Egypt’s Suez Canal was blocked for nearly a week when a massive container ship got stuck in the passage. The blockage led to millions of tons of cargo piling up by the canal. While much of that cargo included nonperishable products like oil, Bloomberg reported that at least 14 vessels piled near the closed canal were ships designed to transport live animals. Data indicates that these ships likely contained hundreds of thousands of farmed animals.
Live export has long been under fire around the world for its immense cruelty. Every year, hundreds of thousands of animals are crammed onto ships and transported from farms to slaughterhouses in faraway countries. In addition to the stress of the unfamiliar environment, noise, and constant motion of the ship, animals are forced to endure weeks of crowded conditions, lying in their own excrement.
According to Bloomberg, several of the ships trapped near the Suez Canal were carrying animals between Romania and Saudi Arabia. These ships likely contained sheep, to be slaughtered after their grueling journey. United Nations data reveals that Saudi Arabia is by far the world’s largest importer of live sheep.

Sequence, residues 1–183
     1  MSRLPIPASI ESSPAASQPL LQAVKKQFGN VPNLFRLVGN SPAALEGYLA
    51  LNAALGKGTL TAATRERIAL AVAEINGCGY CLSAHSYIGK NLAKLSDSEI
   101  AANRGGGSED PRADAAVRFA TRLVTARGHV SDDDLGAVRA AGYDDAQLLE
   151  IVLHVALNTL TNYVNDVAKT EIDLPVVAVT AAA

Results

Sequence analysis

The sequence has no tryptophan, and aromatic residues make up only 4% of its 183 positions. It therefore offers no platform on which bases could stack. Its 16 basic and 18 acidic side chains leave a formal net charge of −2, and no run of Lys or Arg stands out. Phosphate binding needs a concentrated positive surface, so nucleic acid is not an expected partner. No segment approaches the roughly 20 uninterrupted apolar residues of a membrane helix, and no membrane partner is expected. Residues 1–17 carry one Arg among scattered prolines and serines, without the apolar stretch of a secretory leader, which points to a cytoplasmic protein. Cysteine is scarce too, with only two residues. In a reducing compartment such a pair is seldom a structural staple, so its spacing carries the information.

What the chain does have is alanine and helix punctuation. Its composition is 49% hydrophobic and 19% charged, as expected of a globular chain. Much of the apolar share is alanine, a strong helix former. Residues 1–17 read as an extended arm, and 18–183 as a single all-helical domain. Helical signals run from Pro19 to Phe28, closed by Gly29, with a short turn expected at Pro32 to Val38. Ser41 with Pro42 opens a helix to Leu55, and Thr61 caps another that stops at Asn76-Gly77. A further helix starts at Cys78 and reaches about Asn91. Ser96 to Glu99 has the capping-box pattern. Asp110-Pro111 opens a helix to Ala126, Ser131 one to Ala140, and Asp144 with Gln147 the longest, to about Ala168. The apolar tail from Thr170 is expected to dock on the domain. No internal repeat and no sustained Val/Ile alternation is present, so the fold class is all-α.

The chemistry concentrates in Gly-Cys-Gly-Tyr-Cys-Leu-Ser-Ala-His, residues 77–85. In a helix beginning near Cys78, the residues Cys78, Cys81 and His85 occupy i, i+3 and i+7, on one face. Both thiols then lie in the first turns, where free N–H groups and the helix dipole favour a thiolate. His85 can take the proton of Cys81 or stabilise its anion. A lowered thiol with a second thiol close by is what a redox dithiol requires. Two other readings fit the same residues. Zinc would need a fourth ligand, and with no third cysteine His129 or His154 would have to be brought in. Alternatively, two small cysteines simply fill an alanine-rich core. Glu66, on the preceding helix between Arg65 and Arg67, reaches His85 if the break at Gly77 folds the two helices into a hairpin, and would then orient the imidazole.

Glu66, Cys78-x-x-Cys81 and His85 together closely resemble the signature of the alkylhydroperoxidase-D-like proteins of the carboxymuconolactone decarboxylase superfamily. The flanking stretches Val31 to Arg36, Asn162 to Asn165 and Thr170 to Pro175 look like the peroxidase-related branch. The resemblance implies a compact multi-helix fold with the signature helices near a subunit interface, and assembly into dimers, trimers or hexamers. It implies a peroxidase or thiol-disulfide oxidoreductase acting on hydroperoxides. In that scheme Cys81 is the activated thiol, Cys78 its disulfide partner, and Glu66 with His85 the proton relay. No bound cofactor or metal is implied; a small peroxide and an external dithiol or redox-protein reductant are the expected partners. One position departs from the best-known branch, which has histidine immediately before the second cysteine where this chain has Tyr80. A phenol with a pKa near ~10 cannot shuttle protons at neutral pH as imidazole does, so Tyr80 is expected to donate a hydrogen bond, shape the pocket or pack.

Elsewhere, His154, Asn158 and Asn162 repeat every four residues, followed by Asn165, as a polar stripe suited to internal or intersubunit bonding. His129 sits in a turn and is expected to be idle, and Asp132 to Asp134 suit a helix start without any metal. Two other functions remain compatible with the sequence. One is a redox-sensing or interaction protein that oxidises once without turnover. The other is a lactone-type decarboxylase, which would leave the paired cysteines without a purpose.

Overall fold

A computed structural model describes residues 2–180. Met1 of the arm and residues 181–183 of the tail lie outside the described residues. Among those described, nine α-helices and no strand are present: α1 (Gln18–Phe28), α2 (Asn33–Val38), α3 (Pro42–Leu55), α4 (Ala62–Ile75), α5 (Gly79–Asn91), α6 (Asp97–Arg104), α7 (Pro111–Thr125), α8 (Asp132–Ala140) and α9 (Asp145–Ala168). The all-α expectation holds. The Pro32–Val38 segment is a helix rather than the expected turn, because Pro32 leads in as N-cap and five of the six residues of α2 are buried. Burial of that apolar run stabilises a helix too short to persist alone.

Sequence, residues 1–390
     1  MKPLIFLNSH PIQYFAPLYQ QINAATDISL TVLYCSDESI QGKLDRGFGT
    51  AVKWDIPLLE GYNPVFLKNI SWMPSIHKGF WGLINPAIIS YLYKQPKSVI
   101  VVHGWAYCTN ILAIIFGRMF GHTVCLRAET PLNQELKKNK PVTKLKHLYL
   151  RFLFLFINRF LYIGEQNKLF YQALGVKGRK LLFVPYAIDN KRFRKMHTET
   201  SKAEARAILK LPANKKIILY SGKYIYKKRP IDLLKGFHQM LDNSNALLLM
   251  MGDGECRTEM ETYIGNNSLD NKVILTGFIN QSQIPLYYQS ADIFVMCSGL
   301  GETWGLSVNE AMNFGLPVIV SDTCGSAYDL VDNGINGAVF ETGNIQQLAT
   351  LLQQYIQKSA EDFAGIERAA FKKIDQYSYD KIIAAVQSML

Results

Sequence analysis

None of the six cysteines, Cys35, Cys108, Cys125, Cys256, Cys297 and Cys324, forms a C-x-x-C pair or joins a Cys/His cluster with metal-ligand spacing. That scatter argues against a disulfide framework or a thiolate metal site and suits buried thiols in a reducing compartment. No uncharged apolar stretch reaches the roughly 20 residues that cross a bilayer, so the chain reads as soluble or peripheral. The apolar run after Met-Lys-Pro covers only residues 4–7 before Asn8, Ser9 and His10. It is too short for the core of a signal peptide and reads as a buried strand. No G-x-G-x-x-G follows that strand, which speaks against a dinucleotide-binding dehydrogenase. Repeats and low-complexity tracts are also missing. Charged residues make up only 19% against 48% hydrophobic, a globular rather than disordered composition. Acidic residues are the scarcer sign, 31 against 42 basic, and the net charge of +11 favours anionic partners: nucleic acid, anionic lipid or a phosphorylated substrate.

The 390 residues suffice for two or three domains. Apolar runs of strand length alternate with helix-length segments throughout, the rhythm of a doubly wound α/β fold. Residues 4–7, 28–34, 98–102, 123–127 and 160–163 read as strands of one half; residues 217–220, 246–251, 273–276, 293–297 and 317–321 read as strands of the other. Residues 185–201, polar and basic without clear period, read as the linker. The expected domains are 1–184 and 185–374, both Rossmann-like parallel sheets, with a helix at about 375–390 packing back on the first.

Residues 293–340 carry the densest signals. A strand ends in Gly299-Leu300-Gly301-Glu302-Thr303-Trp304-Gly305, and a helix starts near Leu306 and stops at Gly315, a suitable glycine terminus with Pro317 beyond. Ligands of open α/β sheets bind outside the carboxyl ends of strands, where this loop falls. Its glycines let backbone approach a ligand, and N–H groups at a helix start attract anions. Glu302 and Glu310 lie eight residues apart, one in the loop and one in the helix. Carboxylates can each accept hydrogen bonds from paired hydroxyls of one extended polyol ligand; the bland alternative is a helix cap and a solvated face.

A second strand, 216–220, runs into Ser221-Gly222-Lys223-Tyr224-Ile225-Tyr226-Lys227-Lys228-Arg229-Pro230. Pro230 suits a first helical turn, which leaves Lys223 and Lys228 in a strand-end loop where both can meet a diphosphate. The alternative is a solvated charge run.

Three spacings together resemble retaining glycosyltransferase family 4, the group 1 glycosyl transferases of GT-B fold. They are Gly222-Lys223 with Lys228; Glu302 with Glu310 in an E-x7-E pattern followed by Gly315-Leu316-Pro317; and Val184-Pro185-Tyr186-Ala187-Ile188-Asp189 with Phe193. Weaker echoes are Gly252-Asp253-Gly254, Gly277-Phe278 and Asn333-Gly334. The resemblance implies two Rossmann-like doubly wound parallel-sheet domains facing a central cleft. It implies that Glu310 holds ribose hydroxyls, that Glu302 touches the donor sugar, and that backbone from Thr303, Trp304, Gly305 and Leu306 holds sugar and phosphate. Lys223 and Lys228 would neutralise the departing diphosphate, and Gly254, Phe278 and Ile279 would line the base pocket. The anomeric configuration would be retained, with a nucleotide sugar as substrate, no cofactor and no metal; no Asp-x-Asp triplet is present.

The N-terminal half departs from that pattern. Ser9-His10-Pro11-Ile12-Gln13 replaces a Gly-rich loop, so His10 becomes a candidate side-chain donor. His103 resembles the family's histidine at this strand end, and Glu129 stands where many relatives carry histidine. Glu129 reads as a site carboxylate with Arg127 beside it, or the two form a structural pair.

In 2019, around 14,000 sheep died after a vessel en route from Romania to Saudi Arabia partially capsized. Rescuers could save only about 200 animals. And just last year, a ship carrying 43 crew members and nearly 6,000 cows capsized off the coast of Japan. Images of the catastrophe show at least a dozen dead cows floating in the water. In response, the New Zealand Ministry for Primary Industries announced it would temporarily halt applications for live cattle export.
Last year, a Mercy For Animals investigation exposed the horrors of live export. The footage reveals steers loaded onto ships with electric prods before traveling for weeks across the Atlantic Ocean. After an agonizing journey, animals are taken to a slaughterhouse where they are brutally killed. Footage shows workers cornering animals, slashing their legs, and stabbing them while fully conscious.
Live export causes tremendous suffering, and it needs to end now. You can help by taking action at ExportMisery.com.
Cover Photo Credit: Jo-Anne McArthur / Eyes On Animals